Read the good session notes for this one too! To get an example of part of my session, you can take 10 minutes and watch the video below or check out the slides. NOTE though, the video misses our main point of the session, which was how to make Project Management and Business Process a part of your everyday work, not just during projects.

View the slides!



Tech Planning Smack Down! Tactical Vs. Strategic Vs. Missional - I Presented
THIS WAS FUN! I haven't presented with Lindsay in YEARS, but we make an awesome and fun team, this will not be boring or a slideshow! This will get you thinking and involved. Seriously though, you will learn all new ways to approach your boring, old tech plan.

View the slides.

Read the session notes, but they can not accurately describe the amount of fun we had in this session. Nor can they accurately describe the type of thinking we encouraged in the audience.

SUMMARY

All in all, it was a great conference! I was so excited to hear so many people talking about how to match technology to the mission throughout the conference, it's like music to my tone deaf ears. I think the key point I learned this year, was to keep pushing to learn more, each time I feel like I get comfortable with a topic I find out there is so much more to know. NTC serves to solidify my love of the #NPTech community, so many knowledgeable, generous and passionate people! Let's get out there and use the tech to meet the MISSION!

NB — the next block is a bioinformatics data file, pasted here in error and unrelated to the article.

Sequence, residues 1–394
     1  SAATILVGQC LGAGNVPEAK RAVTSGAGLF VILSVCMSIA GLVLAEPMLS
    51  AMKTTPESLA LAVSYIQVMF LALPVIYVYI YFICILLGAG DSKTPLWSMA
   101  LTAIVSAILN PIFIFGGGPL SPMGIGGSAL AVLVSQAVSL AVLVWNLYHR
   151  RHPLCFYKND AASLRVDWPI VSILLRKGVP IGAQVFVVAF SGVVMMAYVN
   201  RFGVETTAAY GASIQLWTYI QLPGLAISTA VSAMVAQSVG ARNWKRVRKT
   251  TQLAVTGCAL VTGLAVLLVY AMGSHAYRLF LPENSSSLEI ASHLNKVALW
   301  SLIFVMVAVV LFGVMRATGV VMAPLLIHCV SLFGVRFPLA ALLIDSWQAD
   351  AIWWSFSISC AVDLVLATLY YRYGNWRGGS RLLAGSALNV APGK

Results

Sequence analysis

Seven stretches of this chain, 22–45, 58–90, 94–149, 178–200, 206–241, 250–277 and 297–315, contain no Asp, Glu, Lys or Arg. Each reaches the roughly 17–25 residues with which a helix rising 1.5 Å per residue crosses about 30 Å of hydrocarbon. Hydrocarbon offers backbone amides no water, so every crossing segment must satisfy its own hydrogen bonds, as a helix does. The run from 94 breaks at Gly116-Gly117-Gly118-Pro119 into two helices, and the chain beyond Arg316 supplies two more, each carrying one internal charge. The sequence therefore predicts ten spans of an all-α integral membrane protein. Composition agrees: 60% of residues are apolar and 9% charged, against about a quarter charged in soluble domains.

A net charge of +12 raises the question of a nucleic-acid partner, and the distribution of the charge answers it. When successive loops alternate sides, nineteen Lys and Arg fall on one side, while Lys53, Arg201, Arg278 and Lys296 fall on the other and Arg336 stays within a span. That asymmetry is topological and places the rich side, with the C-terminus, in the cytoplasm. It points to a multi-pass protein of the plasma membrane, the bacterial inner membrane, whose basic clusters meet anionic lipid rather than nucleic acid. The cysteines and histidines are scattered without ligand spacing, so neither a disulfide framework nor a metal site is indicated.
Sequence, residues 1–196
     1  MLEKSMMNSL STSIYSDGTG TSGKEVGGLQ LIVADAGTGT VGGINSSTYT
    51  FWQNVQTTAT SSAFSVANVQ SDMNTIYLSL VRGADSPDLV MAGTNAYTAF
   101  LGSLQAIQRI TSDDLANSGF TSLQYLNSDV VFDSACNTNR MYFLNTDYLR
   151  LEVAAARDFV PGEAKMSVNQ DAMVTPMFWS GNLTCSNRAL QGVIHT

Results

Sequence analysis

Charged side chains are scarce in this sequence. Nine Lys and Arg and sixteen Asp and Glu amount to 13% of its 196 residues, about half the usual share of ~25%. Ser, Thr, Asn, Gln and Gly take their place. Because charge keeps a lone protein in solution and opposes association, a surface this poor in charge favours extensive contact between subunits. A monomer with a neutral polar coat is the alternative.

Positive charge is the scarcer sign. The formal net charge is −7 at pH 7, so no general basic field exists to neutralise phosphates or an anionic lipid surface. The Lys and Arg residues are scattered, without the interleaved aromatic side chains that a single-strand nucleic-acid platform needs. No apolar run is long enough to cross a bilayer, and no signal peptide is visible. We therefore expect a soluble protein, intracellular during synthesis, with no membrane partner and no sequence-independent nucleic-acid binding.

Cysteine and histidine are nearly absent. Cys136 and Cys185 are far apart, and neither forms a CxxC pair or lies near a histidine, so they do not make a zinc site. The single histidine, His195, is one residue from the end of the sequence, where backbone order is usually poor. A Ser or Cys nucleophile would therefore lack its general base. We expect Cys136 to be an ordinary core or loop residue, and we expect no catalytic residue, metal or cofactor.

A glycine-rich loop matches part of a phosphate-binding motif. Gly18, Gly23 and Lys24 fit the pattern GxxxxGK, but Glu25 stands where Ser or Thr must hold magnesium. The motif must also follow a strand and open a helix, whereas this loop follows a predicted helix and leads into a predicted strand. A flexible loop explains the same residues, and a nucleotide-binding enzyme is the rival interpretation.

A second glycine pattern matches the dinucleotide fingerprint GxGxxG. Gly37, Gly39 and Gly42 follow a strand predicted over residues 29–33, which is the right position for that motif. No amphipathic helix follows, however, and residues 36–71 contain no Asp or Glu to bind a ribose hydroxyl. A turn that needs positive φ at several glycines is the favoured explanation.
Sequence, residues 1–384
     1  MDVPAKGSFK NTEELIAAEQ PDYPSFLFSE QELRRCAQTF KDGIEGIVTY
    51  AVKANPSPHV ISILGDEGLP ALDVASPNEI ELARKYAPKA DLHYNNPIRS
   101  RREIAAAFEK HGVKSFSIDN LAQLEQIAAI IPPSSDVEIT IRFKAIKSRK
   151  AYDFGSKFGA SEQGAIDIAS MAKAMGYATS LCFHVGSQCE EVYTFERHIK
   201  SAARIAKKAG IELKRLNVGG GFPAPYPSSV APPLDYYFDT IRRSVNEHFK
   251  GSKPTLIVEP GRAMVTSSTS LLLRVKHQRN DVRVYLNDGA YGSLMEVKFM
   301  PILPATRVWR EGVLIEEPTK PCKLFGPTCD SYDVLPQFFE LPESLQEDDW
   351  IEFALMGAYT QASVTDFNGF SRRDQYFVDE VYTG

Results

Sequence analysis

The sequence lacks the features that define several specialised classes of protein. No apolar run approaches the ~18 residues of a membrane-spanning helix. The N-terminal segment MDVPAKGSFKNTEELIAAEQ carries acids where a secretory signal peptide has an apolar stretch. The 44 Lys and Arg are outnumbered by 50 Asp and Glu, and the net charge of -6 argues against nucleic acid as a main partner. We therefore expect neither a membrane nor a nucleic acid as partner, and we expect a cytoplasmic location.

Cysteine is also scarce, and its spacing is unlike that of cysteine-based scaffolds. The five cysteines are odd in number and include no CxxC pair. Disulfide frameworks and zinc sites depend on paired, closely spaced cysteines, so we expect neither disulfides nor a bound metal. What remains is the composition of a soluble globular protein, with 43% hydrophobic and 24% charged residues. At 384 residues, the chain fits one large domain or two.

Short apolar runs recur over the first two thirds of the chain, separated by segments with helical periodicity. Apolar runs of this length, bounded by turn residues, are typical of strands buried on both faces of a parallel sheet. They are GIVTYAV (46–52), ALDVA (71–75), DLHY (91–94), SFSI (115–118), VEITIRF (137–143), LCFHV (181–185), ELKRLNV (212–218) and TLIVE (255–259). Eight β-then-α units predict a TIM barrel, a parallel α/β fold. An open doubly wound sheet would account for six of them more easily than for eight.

7 comments:

Laura Norvig said...

You have been the steadfast champion of the "using tech to meet your mission" mantra for many, many, many years, Steve!

This year I experienced so many more sessions and conversations that demonstrated that people really understand what this means and are practicing it every day. So much knowledge was shared about the real-world application of this mantra. It seemed like there was so much less, "ooh, shiny" this year and so much more, "this is how we do it, this is how we bring it back to the mission."

I had a great time at the conference.

Steve Heye said...

Laura, it is always great to see you! You always have such a level head and great insight. I do hear the same level of conversation on the mission mantra, but not seeing enough real world examples of how to do it and where it was done. Glad to hear you had a great time, I did as well!

Iris J. Murillo said...

Thank you for sharing your notes. Like Laura, I found the conference to deliver relevant, practical and meaningful content. It was a pleasure meeting you as well as other enthusiastic supporter of tech.

Can't wait for next year!

Steve Heye said...

Thanks Iris! See you next year.

Bethany Lister said...

"Reviewing old tweets is not the best way to figure what staff knew after they leave" = so good!

I sat in on your PMO session with Betsy. The PBJ exercise was really interesting. Definitely imagine us trying this out in the future.

Steve Heye said...

Thanks Bethany! I do love using post-it notes to document the process of making PB&J, the part that cracks me up though, is it never seems to come out the same. You'd think it would be the same....

Bethany Lister said...

@Steve, Like Ken's "the first thing you need is your wallet" comment? Ha!